The inability of electricity distribution companies to absorb the output of power generation firms is threatening the operation of the Gencos, investigation has shown.
Worse hit among the power generation companies is the Niger Delta Power Holding Company, which has a total of 10 power stations across the country.
The NDPHC, which belongs to the three tiers of the government, has a generation capacity of about 5,000 megawatts from 10 National Integrated Power Project stations.
Given the inability and refusal of distribution companies to lap up the full capacity of power available from the generation firms, the National Control Centre in Osogbo is responsible for allocating to electricity generation firms the quantity of power each should produce.
Investigation showed that on monthly basis, the NDPHC had been producing about 400mw or 10 per cent of what it could produce from eight of its 10 operational power plants.
Because the power companies are paid based on what they are able to generate on monthly basis, the firms are anxious to produce as much as they can but it is the NCC Osogbo that determines who should produce what.
Our correspondent learnt that while private operators were allocated as much as 85 per cent of their available capacities, the NDPHC plants were being allowed to produce just about 10 per cent of their available capacities as the company was said to be used merely for balancing load.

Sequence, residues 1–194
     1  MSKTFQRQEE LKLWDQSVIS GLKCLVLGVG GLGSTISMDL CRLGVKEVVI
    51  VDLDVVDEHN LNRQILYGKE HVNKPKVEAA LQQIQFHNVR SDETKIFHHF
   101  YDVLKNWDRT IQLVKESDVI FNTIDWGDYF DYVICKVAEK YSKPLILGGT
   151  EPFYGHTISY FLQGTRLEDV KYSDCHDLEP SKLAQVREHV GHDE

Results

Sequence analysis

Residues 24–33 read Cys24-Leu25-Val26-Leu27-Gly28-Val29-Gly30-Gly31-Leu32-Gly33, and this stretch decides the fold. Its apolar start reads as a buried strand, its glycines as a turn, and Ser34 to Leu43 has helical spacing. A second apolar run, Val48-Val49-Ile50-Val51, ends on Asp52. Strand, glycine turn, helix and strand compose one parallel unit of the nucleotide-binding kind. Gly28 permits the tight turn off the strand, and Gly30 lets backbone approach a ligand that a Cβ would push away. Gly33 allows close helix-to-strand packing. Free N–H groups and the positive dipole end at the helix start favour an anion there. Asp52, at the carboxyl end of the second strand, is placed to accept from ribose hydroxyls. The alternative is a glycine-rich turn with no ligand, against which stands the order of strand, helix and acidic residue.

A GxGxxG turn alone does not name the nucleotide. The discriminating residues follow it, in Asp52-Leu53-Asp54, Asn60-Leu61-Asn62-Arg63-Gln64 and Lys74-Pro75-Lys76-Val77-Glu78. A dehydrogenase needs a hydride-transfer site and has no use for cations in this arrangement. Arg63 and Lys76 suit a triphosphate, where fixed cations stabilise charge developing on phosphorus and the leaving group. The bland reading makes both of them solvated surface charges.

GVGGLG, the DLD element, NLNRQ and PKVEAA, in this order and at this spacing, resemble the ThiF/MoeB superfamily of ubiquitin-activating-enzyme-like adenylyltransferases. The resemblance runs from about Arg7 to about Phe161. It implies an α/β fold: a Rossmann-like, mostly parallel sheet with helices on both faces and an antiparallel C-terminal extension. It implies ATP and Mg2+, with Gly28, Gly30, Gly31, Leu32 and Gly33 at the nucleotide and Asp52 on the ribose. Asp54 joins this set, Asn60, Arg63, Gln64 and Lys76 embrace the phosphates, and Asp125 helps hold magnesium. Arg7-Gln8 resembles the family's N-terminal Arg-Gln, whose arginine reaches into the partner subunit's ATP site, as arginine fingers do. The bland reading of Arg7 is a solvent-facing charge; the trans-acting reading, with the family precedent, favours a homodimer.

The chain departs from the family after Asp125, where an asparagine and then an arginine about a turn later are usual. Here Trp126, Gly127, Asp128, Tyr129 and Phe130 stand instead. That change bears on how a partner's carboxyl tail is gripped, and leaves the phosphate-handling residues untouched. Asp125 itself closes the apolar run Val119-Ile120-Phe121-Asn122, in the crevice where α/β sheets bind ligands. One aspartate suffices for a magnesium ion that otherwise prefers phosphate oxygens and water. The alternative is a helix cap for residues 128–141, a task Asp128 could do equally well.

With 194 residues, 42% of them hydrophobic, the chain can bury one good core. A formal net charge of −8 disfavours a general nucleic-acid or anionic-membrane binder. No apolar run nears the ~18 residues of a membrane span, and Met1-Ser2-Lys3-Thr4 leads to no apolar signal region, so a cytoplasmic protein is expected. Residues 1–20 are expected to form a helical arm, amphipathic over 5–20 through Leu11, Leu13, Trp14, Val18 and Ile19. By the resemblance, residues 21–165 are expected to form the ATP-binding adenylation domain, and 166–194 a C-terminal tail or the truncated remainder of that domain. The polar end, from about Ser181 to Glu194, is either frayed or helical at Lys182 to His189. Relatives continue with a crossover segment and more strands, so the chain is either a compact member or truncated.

Piqued by this development, authorities at the NDPHC had written some letters to the NCC, seeking to redress the situation.
In one of the letters sighted by our correspondent in Abuja on Thursday, the Managing Director, NDPHC, Mr. Chiedu Ugbo, stated that the company would not be able to meet its obligations if it continued to produce much below capacity.
Some of the obligations include payment for gas, maintaining the human resources and maintenance of plants. It was learnt that gas plants operated by the NDPHC would accrue huge maintenance costs if they were consistently subjected to low capacity utilisation.
In the letter, Ugbo stated, “We wish to inform you that the Federal Government has signed the World Bank Partial Risk Guarantee to securitise the Gas Sales Agreement with Accugas Limited for the supply to our subsidiary Calabar Generation Company Limited.
“Under the GSA, the power station is obligated to off-take a minimum quantity of gas equivalent to 80 per cent of full load on a take-or-pay basis. Our serious concern is that the load dispatched by the system operator from the power plant has remained consistently below 25 per cent of its installed generation capacity.
“The implication of this is that the power plant is constrained to consume only a fraction of its obligatory take-or-pay gas quantity and is consequently unable to earn enough revenue to cover its gas bill obligation under the GSA.
“This situation is certainly unsustainable and may soon result in a huge embarrassment to the government if the PRG is called off.”
When the view of the NCC was sought on the criteria being used to allocate load to the generating firms, the General Manager, Mr. Kingsley Osuoha, referred our correspondent to the Executive Director, Technical, NDPHC, Mr. Oyedele Ife.
A Presidency source, who spoke to our correspondent on the condition of anonymity, feared that the allocation of low load to the NDPHC might be a subterranean move to sell the NIPP plants at giveaway prices.